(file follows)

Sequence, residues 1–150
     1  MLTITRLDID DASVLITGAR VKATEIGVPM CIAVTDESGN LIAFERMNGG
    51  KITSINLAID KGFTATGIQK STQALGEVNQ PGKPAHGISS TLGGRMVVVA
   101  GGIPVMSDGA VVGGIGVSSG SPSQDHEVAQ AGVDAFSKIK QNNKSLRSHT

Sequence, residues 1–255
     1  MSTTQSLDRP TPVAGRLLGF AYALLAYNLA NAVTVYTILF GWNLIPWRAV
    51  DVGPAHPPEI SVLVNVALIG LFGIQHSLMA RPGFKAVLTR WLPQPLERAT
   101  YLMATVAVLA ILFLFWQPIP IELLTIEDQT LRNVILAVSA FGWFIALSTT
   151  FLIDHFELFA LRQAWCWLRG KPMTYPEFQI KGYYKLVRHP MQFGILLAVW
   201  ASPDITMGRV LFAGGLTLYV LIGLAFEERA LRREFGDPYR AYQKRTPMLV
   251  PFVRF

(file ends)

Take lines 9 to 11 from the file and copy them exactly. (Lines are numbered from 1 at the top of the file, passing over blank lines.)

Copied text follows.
   151  FLIDHFELFA LRQAWCWLRG KPMTYPEFQI KGYYKLVRHP MQFGILLAVW
   201  ASPDITMGRV LFAGGLTLYV LIGLAFEERA LRREFGDPYR AYQKRTPMLV
   251  PFVRF